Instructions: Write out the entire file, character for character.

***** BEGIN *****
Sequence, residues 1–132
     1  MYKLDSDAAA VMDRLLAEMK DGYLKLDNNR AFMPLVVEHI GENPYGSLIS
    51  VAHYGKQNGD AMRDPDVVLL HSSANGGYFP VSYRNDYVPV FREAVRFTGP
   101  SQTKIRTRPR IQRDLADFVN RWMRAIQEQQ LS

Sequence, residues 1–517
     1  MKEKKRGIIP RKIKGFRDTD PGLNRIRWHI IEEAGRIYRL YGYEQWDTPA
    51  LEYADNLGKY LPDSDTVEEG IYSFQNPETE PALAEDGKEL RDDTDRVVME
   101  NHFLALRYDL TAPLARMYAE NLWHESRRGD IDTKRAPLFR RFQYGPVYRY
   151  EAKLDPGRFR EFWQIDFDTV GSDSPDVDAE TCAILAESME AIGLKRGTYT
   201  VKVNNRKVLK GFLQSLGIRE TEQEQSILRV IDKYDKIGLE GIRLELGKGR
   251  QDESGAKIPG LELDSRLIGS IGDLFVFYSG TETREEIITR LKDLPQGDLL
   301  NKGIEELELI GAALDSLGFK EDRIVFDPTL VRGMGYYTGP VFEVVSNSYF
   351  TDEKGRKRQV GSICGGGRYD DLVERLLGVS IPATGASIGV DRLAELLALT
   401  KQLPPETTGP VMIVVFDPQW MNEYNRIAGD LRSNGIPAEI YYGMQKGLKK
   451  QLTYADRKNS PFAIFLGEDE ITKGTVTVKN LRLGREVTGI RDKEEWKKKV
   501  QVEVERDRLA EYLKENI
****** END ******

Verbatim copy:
Sequence, residues 1–132
     1  MYKLDSDAAA VMDRLLAEMK DGYLKLDNNR AFMPLVVEHI GENPYGSLIS
    51  VAHYGKQNGD AMRDPDVVLL HSSANGGYFP VSYRNDYVPV FREAVRFTGP
   101  SQTKIRTRPR IQRDLADFVN RWMRAIQEQQ LS

Sequence, residues 1–517
     1  MKEKKRGIIP RKIKGFRDTD PGLNRIRWHI IEEAGRIYRL YGYEQWDTPA
    51  LEYADNLGKY LPDSDTVEEG IYSFQNPETE PALAEDGKEL RDDTDRVVME
   101  NHFLALRYDL TAPLARMYAE NLWHESRRGD IDTKRAPLFR RFQYGPVYRY
   151  EAKLDPGRFR EFWQIDFDTV GSDSPDVDAE TCAILAESME AIGLKRGTYT
   201  VKVNNRKVLK GFLQSLGIRE TEQEQSILRV IDKYDKIGLE GIRLELGKGR
   251  QDESGAKIPG LELDSRLIGS IGDLFVFYSG TETREEIITR LKDLPQGDLL
   301  NKGIEELELI GAALDSLGFK EDRIVFDPTL VRGMGYYTGP VFEVVSNSYF
   351  TDEKGRKRQV GSICGGGRYD DLVERLLGVS IPATGASIGV DRLAELLALT
   401  KQLPPETTGP VMIVVFDPQW MNEYNRIAGD LRSNGIPAEI YYGMQKGLKK
   451  QLTYADRKNS PFAIFLGEDE ITKGTVTVKN LRLGREVTGI RDKEEWKKKV
   501  QVEVERDRLA EYLKENI